Algerian President Abdelaziz Bouteflika won 90,24% of the vote in a presidential election, officials said on Friday, cementing his hold on the oil producer troubled by a lingering Islamist insurgency.
But some in the opposition alleged massive fraud and militants attacked a polling station on Thursday, underscoring the challenges Bouteflika still faces from sections of the population disillusioned by poverty and joblessness.
”Bouteflika has won … 90,24% of the votes cast,” Interior Minister Noureddine Yazid Zerhouni, in charge of organising Thursday’s election told a news conference.
Bouteflika’s nearest rival, Trotskyist candidate Louisa Hannoune, won 4,22% of the vote, the minister said.
The ministry had already announced turnout was 74,11% — higher than in the last presidential vote and an indication that opposition calls for a boycott had not been heeded by many of Algeria’s 34-million people.
Victory for Bouteflika, a 72-year-old veteran of Algeria’s war for independence from France, was never in doubt. He faced lightweight rivals in the ballot and had a well-funded campaign that plastered the capital with his posters.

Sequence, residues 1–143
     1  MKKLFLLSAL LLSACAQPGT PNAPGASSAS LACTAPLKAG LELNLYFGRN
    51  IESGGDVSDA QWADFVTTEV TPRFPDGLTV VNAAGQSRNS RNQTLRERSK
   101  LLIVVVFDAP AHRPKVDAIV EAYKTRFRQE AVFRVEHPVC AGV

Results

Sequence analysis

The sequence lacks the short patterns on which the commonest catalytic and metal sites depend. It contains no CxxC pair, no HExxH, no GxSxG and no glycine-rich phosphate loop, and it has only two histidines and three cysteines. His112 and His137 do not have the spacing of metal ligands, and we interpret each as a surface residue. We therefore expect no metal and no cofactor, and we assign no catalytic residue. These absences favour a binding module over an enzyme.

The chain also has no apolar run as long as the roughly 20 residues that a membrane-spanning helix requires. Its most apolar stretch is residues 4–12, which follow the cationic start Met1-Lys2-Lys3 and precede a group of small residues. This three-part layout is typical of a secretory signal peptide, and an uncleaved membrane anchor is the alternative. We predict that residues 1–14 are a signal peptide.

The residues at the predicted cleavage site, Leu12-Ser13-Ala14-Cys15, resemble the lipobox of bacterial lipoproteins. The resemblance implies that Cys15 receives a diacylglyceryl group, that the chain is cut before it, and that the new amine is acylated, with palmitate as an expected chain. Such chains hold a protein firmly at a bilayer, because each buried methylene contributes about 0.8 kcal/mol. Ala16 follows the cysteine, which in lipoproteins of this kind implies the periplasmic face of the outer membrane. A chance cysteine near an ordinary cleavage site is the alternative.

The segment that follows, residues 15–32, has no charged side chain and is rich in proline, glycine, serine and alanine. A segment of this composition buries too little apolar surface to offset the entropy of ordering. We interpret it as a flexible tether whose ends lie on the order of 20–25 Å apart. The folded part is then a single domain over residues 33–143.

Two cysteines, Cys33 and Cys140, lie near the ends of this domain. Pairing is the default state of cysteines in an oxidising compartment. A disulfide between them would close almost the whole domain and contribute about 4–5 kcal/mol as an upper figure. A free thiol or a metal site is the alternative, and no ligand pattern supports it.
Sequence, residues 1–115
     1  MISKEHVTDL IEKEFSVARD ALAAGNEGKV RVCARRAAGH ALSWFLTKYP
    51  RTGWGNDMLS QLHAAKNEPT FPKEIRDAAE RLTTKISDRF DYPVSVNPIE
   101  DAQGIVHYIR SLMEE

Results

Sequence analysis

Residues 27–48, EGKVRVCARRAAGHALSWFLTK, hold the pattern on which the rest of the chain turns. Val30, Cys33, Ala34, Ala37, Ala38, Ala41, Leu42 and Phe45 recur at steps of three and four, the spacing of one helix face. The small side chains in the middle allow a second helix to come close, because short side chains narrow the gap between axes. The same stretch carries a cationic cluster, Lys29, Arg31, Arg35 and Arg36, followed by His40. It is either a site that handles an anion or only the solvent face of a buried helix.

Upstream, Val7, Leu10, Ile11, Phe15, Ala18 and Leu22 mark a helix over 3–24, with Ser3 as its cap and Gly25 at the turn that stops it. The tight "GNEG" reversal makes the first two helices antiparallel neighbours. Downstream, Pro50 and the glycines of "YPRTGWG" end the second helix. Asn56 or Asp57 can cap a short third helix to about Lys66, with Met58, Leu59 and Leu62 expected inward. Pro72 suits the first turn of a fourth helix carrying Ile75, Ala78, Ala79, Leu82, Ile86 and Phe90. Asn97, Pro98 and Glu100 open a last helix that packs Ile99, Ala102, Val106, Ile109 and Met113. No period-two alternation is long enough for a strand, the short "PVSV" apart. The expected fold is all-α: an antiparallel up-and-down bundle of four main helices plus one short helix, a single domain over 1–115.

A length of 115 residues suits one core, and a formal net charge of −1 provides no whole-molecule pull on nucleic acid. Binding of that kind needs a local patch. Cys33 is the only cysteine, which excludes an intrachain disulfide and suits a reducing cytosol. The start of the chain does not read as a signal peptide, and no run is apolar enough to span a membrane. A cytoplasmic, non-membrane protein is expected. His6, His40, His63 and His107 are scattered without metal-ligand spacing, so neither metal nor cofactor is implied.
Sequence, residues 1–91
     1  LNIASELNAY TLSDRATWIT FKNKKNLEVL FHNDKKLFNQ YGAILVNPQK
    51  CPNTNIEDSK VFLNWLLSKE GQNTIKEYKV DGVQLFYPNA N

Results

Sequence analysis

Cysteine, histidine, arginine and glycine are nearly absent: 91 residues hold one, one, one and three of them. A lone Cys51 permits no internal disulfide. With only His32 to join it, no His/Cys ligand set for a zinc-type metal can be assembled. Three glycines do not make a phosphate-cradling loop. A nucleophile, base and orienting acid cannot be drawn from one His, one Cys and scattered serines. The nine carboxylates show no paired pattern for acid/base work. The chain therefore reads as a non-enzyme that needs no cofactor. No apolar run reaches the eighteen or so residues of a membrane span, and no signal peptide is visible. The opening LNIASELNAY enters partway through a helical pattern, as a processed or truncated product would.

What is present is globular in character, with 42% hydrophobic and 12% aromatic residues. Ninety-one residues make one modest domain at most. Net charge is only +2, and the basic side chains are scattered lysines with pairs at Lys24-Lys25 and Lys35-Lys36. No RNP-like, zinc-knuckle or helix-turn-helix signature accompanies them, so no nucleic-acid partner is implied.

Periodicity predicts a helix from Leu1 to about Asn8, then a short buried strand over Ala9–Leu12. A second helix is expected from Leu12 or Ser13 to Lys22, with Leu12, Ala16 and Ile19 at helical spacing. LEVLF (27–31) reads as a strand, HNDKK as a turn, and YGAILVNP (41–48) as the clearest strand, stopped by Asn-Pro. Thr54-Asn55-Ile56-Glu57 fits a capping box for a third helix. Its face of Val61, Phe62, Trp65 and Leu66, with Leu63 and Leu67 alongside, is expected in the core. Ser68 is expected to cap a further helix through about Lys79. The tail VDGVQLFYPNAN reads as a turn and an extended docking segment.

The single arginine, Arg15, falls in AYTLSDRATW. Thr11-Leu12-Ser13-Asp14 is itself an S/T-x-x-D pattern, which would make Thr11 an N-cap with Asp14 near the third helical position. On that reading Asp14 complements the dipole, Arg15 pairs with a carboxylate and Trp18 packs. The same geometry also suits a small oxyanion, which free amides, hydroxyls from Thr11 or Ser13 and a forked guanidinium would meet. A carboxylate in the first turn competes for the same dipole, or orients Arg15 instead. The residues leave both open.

Algerian lawmakers cleared the way for Bouteflika to stand for a third term in Thursday’s election by abolishing term limits, a move critics said could allow him to serve as president for life.
The opposition Front of Socialist Forces, which boycotted the vote, accused the authorities of artificially inflating the turnout. ”[There was] a real tsunami of massive fraud which reached an industrial scale,” the party said in a statement.
The Interior Minister said the election had demonstrated to the world that Algeria was committed to democracy. – Reuters